NAOMI Osaka has yet another reason to smile following her US Open victory over Serena Williams, signing an endorsement deal with Nissan in a move that solidifies her international appeal.
As a brand ambassador for the Japanese carmaker, the 20-year-old Grand Slam champion will appear in global promotions and advertising which will support her as a rising tennis star, the company said in a statement.
Terms of the deal weren’t disclosed in the statement, but a spokesman said the contract would be for three years, Bloomberg reports.
“Growing up, my dad drove a Nissan, so being able to be a brand ambassador now, it feels like I’ve come full circle,” she said on Thursday at the car company’s headquarters in Yokohama.
“This week has been a dream come to life, and I’m so honoured to represent Japan and Nissan on the world stage.”
Osaka, the first Japanese-born player to win a Grand Slam singles championship, beat the former World No. 1 in straight sets — a victory that was sadly overshadowed by a firestorm of controversy after Williams confronted umpire Carlos Ramos.
But Osaka denied her historic win had been sullied by the explosive row between her opponent and the chair umpire.
“For me, I don’t feel sad because I wouldn’t even know what I’m expected to feel,” she said.
“Because it was my first final and my first grand slam victory, overall I felt really happy and I know that I accomplished a lot.
“I don’t think I even thought about feeling sad because there’s no experience for me to draw on (from) any other grand slam final.”
Less than a week after Osaka’s breakthrough triumph in New York, the mega bucks are already rolling in for the 20-year-old. She took home the winner’s trophy and $5.3 million ($US3.8 million) in prize money on Saturday, and is reportedly set to sign one of the richest sponsorship deals in women’s sport.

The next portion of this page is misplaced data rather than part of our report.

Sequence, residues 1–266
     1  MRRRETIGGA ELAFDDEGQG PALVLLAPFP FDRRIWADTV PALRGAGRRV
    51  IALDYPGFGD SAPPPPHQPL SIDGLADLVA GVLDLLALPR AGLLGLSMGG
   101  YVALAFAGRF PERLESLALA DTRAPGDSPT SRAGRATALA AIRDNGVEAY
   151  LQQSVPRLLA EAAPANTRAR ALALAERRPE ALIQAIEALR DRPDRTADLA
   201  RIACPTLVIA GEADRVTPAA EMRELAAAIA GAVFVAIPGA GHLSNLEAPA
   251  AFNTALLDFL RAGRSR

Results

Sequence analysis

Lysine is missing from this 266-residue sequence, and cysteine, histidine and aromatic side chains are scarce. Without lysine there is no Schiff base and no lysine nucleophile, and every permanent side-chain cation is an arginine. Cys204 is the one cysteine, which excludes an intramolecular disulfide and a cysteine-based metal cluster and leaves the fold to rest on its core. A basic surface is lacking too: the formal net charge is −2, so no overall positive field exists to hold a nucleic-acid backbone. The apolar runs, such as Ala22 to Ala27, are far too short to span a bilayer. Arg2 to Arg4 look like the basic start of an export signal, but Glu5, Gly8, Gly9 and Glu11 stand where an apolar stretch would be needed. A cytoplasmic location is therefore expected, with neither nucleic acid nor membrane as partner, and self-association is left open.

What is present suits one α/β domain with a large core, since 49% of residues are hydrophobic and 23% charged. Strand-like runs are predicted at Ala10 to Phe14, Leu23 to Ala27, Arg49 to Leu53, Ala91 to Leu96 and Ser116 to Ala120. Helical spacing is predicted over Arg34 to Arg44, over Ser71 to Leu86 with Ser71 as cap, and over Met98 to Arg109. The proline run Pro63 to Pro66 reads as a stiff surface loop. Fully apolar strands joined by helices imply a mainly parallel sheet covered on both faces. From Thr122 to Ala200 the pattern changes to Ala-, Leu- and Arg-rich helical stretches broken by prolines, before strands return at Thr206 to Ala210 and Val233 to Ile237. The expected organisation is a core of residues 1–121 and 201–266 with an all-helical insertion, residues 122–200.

According to reports, she’s about to land the biggest deal Adidas has ever given a female athlete — possibly in the $14 million range.
Osaka is already on Adidas’s payroll, however is only reportedly making a “six-figure” salary in her current four-year deal that will expire this year.
But the company has been quick to add her to its “Creators Unite” campaign.
If the mega contract goes through, it could propel Osaka up the ranks on Forbes’ 2018 list of highest paid female athletes, which Williams currently leads.
Osaka has also landed deals with Yonex, Nissin Foods, Wowow and Citizen Watch.
In becoming her country’s first ever Grand Slam singles champ, Osaka, the daughter of a Haitian father and Japanese mother, is also helping break new ground in Japan as her bi-racial identity challenges the country’s self-image as a racially homogenous society.
Public attitudes are slowly changing as Japanese society becomes more integrated with the global economy, and the emergence of more ethnically mixed celebrities, especially in sport, is helping.
For her part, Osaka is not thinking too much about how her identity is perceived.
“For me, I’m just me,” she said, when asked whether she represented a “new Japan”.
“I know the way that I was brought up, people tell me I act kind of Japanese so I guess there is that.
“But if you were talking about my tennis, I think my tennis is not very Japanese.”
— with wires